/ Mountain Clothing

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sniffy - on 04 Mar 2013
I don't normally moan about clothing but there is one thing thats gets up my nose is that: as the cost of clothing is astronomical nowadays, manfactures are alway telling us how good their materials, design and about indepth testing programes, however they all somehow forget about the zips,wether its the newish water resistant or the the standard type that is on most clothing, so I speak from experience to say that they all get snagged on just about anything, and even worse when you need to be protected form the elements. So come on all you makers of mountain clothing, get a grip of this problem. If mankind can land a man on the moon, surely a snag free zip is achieveable!!!



martinph78 on 04 Mar 2013
In reply to sniffy: Here here!

I agree, and not just clothing, sleeping bags as well!
sbc_10 - on 04 Mar 2013
In reply to Martin1978:

+1

Mountain Hardware Lamina 20, what a bleedin' faff.
nufkin - on 04 Mar 2013
In reply to sniffy:

This seems like an ideal opportunity to anticipate the inevitable and say that ever since Mrs Num Num got her foreskin stuck in a particularly viscious zip, Birdy has been using buttons, and so should the rest of us.
captain paranoia - on 05 Mar 2013
In reply to sniffy:

I must be doing something wrong with the zips I use, as they rarely snag...

Actually, I'd suggest that the problem isn't the zips themselves, it's the poor design of the placket (the flap behind the zip). If it's flimsy, or attached too close the the zip, then it doesn't allow the zip to be kept clear of the placket, and so the placket gets pulled into the zip. Can be cured to some extent by sticking a finger behind the zipper when you operate it, forcing the placket away from the zipper.

Some double-ended zips are a pain to get started, though...
andic - on 05 Mar 2013
In reply to sniffy:

What about zips on the wrong side tho' they're a bloody pain. I have a couple of jackets I got cheap which feed with the left hand if you have never experienced this you won't know what a faff it is, but it really irritates me. surprising how such a simple action becomes so ingrained and confusing when mirrored.
xplorer on 05 Mar 2013
In reply to sniffy:

RiRi zips are the future. Got them on my ME Kalanka
captain paranoia - on 05 Mar 2013
In reply to andic:

> What about zips on the wrong side tho' they're a bloody pain.

US zips are the other way around to European zips, for some reason. So stuff from Patagonia, for instance, has zips on 'the wrong side'.

You get used to it...
ice.solo - on 05 Mar 2013
In reply to sniffy:

i work with YKK a bit (office is same building) and its a difficult equation.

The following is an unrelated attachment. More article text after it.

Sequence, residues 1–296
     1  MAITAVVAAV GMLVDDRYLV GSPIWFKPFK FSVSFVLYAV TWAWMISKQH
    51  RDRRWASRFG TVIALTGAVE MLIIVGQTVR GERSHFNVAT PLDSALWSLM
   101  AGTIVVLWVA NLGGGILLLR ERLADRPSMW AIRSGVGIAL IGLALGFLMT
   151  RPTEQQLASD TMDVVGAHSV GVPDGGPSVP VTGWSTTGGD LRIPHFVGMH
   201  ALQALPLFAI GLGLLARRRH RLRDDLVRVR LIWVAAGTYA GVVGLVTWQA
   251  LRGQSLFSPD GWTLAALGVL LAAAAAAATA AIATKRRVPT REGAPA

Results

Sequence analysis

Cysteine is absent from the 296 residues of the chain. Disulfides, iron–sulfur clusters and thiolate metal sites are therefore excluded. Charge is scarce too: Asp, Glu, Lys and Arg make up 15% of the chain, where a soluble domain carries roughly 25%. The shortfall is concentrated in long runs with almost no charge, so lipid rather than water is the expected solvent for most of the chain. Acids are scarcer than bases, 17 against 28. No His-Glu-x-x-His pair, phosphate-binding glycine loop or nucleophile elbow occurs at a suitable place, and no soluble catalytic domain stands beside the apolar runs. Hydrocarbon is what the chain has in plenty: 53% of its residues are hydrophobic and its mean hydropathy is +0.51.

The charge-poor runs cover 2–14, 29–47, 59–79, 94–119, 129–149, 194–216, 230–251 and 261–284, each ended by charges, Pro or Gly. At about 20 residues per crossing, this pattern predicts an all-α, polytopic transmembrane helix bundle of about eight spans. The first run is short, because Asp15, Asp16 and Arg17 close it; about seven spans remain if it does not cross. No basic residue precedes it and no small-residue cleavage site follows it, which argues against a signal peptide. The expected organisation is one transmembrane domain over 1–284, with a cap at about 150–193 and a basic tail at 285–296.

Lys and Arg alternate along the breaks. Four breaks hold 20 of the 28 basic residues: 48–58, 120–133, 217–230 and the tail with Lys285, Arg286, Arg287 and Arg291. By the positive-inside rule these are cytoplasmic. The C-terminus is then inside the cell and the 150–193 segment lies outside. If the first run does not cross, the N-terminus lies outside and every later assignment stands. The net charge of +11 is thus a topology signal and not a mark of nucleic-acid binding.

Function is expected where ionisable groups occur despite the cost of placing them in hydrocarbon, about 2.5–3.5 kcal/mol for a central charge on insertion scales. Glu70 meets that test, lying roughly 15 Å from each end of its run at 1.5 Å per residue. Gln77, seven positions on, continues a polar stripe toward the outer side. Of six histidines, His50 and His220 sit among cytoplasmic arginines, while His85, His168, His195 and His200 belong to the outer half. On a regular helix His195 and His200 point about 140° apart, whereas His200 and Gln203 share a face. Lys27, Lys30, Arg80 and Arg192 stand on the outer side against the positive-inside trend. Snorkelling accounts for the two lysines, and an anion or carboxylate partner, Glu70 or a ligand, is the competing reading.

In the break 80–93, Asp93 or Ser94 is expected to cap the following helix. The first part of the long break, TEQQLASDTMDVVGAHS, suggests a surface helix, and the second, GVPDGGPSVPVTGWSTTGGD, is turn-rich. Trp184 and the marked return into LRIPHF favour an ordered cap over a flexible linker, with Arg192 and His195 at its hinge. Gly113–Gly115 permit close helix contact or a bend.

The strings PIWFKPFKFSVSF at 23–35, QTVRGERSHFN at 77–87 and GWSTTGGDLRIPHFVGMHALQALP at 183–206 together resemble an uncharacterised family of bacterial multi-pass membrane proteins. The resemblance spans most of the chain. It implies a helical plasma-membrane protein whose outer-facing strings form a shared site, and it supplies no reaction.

good zips are not cheap (fancy materials, skilled installation etc), and to push up a jackets price over something the consumer tends to see as a detail is hard square price-wise.
by example, some new mammut jackets use a special zip where the teeth affix direct to the fabric rather than a bit of tape. much more snag-free and compacts smaller etc - all things the consumer wants, but dont want to pay an extra $50 for on top of the sort of garment that warrents such innovations (doesnt make sense either to outfit mid-level garments with highend features).

as stated above - half the problem is the weather flaps over or under some zips, or the use of sheathed zips that deflect most weather but sometimes still get a flap behind to keep wind out. alone they are as snag-less as is consumable, but because they feel cold from the inside they dont sell.

lots of zipless designs exist, but they are even harder to get on shelves due to the consrvatism that pervades the outdoor gear market. indeed there are hundreds of amazing innovations about - but consumers dont want them in the numbers needed to produce. recall that most gear is made in minimum volumes of 10s if not 100s of thousands...
think; if a zipless jacket that worked but cost $600 was on the shelf, would you buy it on that aspect alone?

agreed tho, zips are a problem. but theres a lot to it.
butteredfrog - on 06 Mar 2013
In reply to captain paranoia:

One has ones butler to fasten ones jacket in GREAT Britain.
crustypunkuk - on 06 Mar 2013
In reply to butteredfrog:
Quite
andic - on 06 Mar 2013
In reply to captain paranoia:

They are American: OR, Marmot and an A&F hoody!

It does little to detract from the coats' function and you do get used to it but quite often I find myself trying to unzip and cannot disengage the bottom bit which is a bit irritating.

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